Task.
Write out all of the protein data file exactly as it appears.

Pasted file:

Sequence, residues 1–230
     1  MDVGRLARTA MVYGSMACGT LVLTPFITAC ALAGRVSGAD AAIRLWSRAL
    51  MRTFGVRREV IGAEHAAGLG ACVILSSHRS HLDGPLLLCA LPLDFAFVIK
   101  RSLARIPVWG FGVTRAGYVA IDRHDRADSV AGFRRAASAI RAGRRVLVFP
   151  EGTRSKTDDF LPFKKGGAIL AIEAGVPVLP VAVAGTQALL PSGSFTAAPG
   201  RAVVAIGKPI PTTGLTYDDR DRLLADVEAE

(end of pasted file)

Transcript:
Sequence, residues 1–230
     1  MDVGRLARTA MVYGSMACGT LVLTPFITAC ALAGRVSGAD AAIRLWSRAL
    51  MRTFGVRREV IGAEHAAGLG ACVILSSHRS HLDGPLLLCA LPLDFAFVIK
   101  RSLARIPVWG FGVTRAGYVA IDRHDRADSV AGFRRAASAI RAGRRVLVFP
   151  EGTRSKTDDF LPFKKGGAIL AIEAGVPVLP VAVAGTQALL PSGSFTAAPG
   201  RAVVAIGKPI PTTGLTYDDR DRLLADVEAE